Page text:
The Hardest Part About the Last Four Years

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I live in the United States. Four years ago, I lived in Cleveland, Ohio. Now I live in Dallas, Texas. These are both big cities in the overall scheme of things (and especially compared to where I grew up in the Maine woods), although Dallas-Fort Worth is quite a bit larger than Cleveland.

Moving to Texas was a trip. Some of the stereotypes are true; many are not.

And even though I’ve moved, there’s something fundamental that hasn’t changed over these past four years: There’s been a lot going on in my country that makes me really disappointed in people.

I’m So Disappointed in People

No matter what happens politically here in a few weeks, I don’t know that I’ll be able to get over my extreme disappointment with how many people are just downright cruel and thoughtless.

That’s what really gets me at the end of the day. That’s what makes me feel sick to my stomach when I’m trying to go to sleep… how many people just don’t care about others or the damage they do so long as they can feel braggadocious and powerful for a few, fleeting moments.

It’s not the policy stuff (although some of that isn’t the greatest to be honest, especially when some of the policy seems to be steeped in that same cruelty and braggadocio). It’s the lack of dignity. Of empathy.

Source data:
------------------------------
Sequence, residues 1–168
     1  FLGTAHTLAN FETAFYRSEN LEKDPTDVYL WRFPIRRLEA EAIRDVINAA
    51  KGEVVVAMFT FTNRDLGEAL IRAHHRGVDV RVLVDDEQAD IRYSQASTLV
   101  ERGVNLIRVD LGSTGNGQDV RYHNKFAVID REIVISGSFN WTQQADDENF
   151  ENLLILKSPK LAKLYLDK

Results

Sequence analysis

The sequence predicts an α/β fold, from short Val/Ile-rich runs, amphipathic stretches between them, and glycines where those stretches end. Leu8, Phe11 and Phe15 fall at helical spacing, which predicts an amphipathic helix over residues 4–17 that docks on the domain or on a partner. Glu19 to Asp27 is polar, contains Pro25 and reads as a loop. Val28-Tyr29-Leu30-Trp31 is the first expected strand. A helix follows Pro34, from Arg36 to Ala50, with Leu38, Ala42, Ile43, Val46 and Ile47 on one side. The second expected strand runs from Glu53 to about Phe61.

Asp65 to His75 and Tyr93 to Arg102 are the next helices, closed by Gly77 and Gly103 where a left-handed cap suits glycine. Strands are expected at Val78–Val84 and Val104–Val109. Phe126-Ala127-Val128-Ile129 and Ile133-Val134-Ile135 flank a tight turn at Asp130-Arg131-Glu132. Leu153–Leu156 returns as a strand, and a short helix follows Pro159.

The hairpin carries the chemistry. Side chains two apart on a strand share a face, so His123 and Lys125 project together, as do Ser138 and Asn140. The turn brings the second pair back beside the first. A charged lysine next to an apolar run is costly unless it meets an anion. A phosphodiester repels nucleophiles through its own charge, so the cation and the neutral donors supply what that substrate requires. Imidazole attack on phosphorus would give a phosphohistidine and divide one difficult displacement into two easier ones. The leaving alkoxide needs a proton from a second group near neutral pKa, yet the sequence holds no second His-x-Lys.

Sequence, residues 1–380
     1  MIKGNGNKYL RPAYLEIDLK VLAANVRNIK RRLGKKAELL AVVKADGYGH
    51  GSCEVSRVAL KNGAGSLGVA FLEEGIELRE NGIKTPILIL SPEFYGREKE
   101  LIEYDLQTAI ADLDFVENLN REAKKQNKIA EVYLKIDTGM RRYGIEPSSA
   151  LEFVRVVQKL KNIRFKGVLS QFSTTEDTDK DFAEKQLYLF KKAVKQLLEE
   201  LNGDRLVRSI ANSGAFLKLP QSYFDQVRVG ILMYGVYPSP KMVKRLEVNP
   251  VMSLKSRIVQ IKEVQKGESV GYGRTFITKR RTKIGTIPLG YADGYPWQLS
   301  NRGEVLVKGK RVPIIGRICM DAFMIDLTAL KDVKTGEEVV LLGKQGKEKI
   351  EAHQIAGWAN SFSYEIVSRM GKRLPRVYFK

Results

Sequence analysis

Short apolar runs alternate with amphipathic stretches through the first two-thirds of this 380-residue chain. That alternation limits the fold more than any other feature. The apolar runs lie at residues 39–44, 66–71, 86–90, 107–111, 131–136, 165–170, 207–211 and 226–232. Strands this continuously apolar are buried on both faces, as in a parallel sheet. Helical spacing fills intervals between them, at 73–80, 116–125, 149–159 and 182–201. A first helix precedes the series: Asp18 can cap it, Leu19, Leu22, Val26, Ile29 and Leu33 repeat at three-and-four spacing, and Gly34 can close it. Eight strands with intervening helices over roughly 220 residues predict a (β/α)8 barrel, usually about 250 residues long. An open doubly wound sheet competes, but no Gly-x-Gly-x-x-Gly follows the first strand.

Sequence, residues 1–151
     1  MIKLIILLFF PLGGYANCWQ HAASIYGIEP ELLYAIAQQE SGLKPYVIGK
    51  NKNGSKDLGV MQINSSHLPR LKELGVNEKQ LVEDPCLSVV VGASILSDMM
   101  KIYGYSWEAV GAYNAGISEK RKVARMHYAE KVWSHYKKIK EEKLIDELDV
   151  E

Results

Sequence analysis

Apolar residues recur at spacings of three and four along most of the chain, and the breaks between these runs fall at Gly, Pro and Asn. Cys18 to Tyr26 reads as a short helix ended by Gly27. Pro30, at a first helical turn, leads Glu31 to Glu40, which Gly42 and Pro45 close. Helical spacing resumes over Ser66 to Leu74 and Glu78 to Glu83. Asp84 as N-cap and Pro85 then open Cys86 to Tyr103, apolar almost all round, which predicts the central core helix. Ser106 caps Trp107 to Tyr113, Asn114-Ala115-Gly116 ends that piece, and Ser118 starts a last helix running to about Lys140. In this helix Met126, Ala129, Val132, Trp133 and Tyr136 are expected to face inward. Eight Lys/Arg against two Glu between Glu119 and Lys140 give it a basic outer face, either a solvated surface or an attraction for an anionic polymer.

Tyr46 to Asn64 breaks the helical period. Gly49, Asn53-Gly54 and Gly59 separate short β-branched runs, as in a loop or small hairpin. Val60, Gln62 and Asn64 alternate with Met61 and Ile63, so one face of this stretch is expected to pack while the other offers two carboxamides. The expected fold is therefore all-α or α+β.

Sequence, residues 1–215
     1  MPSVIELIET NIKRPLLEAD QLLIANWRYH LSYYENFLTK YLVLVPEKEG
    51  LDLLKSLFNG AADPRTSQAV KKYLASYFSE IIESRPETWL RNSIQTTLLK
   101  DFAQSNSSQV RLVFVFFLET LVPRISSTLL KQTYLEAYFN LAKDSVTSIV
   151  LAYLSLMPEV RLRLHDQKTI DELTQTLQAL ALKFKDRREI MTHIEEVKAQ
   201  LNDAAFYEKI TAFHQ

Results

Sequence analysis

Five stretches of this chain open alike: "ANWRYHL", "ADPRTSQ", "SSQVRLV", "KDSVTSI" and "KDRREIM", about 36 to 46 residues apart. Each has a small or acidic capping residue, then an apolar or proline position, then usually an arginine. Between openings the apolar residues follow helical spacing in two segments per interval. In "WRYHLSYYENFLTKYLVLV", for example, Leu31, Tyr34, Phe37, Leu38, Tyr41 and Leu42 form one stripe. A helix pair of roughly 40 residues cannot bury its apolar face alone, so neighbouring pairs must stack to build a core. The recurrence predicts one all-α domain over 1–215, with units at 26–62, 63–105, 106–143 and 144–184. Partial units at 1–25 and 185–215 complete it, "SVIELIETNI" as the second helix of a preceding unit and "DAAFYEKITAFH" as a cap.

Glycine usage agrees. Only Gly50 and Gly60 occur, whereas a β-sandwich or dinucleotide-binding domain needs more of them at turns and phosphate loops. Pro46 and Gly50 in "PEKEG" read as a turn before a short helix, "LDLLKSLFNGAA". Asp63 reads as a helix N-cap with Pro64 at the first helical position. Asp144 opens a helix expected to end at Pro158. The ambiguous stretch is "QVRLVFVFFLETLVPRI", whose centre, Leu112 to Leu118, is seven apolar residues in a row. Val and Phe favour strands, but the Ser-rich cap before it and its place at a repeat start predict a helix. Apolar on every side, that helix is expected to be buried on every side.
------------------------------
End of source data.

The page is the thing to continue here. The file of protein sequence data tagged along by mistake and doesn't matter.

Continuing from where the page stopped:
More Vocal Isn’t the Same Thing as Being Outnumbered

I talked with some of my friends about this feeling (virtually of course). Some shared their desire to move away, possibly to a Scandinavian country that treats its citizens better. And I shared my fear that I don’t believe in American exceptionalism — in either direction. I don’t believe that America is uniquely wonderful OR uniquely terrible.

I worry about authoritarianism and corruption as international phenomena that could happen anywhere.

I worry that nowhere is immune to these problems.

Another friend shared a story about the Nazi party almost wresting majority control of Sweden a few years back when they were there. At the same time, they urged me to focus on how many more of us than there are of them — in spite of the fact that hatemongers are so vocal (and amplified by bots).

I am clinging to that as I move forward, as I try to remember that. Cruel voices may be more vocal, but that isn’t the same thing as being outnumbered.

I try to hold on to that thought as a relative chimes in and tells me that they don’t keep up with what’s going on in the news. That they don’t stay informed, fact check, or question their biases. I hold on to that thought as they offer up their own lack of engagement expecting it will comfort me — and in the process instead only disappoint me further.

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